By Sandie Benitah
The Continuing Education Students’ Association of Ryerson is planning to ask its students if they are willing to find their own bursaries.
In a school-wide referendum, CESAR will ask students to vote on paying an additional two dollars for each class they take.
The money would then go towards funding bursaries for part-time students, a group disadvantaged when it comes to receiving financial assistance, according to CESAR General Manager Frank Cappadocia.
“Part-time students can’t get OSAP and it’s hard for them to get the university bursary because then they are competing in the same pool as the full-timers who also have needs,” he said.
Cappadocia said roughly 55,000 students at Ryerson are registered in continuing education courses and take about two classes a semester.
About 4,000 of those enrolled in a part-time degree which could demand up to five classes a semester, depending on whether or not the student wants to fast-track.
Altogether, Cappadocia said CESAR would rake in at least $110,000 in bursary money if the levy is approved.
Darren Cooney, president of RyeSAC, said that while he agrees that giving money to needy students is a good thing, he is critical of the way it is being administered.
“A student government taking on the role of the university’s financial aid office is problematic,” he said. “They have to find a balance between helping students and not getting them an increase in tuition fees.”
However, Cappadocia said the circumstances are different for continuing education students.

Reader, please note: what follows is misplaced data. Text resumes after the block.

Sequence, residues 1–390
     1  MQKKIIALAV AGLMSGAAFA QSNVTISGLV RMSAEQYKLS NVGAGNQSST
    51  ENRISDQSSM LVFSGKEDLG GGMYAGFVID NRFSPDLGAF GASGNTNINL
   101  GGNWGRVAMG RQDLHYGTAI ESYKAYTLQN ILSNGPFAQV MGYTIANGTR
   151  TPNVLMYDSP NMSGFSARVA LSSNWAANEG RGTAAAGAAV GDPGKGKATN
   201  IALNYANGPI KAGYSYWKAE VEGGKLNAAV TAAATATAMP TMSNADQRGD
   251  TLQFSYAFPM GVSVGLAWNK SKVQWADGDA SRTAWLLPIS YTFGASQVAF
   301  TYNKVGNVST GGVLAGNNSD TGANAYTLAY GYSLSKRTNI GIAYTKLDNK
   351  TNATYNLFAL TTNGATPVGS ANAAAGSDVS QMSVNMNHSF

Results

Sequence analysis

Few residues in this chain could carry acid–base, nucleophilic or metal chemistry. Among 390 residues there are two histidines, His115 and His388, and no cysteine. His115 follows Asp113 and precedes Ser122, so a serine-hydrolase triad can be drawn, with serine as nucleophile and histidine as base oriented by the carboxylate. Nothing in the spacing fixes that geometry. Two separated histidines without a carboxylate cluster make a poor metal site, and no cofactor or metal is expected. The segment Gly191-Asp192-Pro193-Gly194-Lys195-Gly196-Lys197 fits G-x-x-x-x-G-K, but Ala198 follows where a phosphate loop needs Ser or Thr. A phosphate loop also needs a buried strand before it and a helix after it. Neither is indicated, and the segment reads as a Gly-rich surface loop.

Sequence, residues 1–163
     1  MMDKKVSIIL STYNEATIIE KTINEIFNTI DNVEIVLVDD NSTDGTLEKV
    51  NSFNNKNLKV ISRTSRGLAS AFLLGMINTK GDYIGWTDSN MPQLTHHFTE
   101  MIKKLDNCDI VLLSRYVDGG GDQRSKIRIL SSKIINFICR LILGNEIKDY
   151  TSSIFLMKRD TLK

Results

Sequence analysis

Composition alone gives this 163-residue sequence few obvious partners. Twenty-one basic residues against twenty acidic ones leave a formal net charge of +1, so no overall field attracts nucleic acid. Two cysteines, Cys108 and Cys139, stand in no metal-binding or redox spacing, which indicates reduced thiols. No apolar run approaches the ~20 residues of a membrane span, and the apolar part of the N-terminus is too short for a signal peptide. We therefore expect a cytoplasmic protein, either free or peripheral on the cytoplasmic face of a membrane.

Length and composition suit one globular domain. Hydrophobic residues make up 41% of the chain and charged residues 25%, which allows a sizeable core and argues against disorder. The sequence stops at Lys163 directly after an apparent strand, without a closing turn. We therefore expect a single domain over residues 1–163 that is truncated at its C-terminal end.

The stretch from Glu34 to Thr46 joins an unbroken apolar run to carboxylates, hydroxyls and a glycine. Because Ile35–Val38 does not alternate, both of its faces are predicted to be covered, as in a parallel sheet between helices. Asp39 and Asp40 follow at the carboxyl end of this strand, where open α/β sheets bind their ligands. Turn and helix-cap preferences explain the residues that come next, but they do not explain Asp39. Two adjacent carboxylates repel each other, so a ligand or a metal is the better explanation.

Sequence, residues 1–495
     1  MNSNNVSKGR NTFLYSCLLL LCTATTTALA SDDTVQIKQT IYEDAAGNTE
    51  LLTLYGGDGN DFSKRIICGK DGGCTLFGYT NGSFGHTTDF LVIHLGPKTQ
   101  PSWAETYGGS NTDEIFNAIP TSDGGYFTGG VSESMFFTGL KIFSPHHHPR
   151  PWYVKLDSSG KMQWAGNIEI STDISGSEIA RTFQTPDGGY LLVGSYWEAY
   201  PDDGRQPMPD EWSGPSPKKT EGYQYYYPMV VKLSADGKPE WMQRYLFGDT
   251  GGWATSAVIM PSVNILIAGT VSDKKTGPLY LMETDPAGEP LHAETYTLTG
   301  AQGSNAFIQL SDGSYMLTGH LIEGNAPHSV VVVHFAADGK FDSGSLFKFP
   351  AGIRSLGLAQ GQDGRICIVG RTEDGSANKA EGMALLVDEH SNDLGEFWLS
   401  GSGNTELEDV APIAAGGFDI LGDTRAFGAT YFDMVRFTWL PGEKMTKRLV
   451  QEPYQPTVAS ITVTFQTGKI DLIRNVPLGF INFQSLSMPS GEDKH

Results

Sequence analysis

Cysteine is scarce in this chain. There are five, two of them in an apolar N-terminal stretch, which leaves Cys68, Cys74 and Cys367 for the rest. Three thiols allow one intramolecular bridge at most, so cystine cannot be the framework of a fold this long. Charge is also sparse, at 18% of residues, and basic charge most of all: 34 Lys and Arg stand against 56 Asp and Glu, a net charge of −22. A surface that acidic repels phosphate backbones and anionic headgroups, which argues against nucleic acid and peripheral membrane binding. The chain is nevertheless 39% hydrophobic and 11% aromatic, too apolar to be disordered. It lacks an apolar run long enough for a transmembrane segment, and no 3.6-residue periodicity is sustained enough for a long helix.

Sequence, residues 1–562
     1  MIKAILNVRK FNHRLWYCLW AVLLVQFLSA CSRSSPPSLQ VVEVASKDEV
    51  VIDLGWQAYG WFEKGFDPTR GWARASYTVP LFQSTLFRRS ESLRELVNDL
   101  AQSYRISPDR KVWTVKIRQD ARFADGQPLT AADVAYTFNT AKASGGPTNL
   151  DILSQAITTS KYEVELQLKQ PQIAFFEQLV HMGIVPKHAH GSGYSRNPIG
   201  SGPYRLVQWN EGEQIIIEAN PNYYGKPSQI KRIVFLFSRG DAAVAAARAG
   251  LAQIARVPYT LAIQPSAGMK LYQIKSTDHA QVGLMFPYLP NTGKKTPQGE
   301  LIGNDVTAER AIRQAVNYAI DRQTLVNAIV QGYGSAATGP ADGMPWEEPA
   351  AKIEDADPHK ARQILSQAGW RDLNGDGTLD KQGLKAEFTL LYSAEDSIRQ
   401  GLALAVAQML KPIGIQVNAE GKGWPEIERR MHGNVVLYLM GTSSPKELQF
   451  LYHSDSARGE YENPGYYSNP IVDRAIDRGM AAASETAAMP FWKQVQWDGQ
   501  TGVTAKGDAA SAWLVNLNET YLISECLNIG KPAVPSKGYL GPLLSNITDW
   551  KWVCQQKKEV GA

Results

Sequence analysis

“Unlike full-time students, the majority of continuing education students are full-time workers, making over $40,000 a year,” he said.
“It doesn’t mean that they’re rich, but it means they can agree to a request to meet students who are on the other side of spectrum.”
Kim Kielly, who is taking a few classes on law procedures while working full-time, said she would have to consider her own financial need before she could consider helping others.
“We’re all in financial need,” she said. “I probably wouldn’t reap any of the rewards. I have to work full-time to go to university. We do what we have to do to survive.”
Les Tager, who also works full-time while working towards a part-time degree in social work, couldn’t disagree more.
“Education should be free in the first place,” she said. “I’ve been in that situation before and in fact, I’m still paying off my student loan. Why not help someone in need?”
“It’s only a couple of bucks,” agreed Dave Howell, who is taking two classes this semester. “It goes towards helping somebody and if everybody does it… sure, why not?”
Presently, bursaries do exist through CESAR for part-time students with a financial need, said Cappadocia. The money from the levy would either go towards maximizing the amount awarded or to increase the amount of bursaries distributed.
Before CESAR can finalize the details of the proposal, it must wait for the Board of Governor’s meeting at the end of the month where they will put forth their proposal. If it is approved, CESAR will ask the students in a referendum that could take place as early as the last week in February.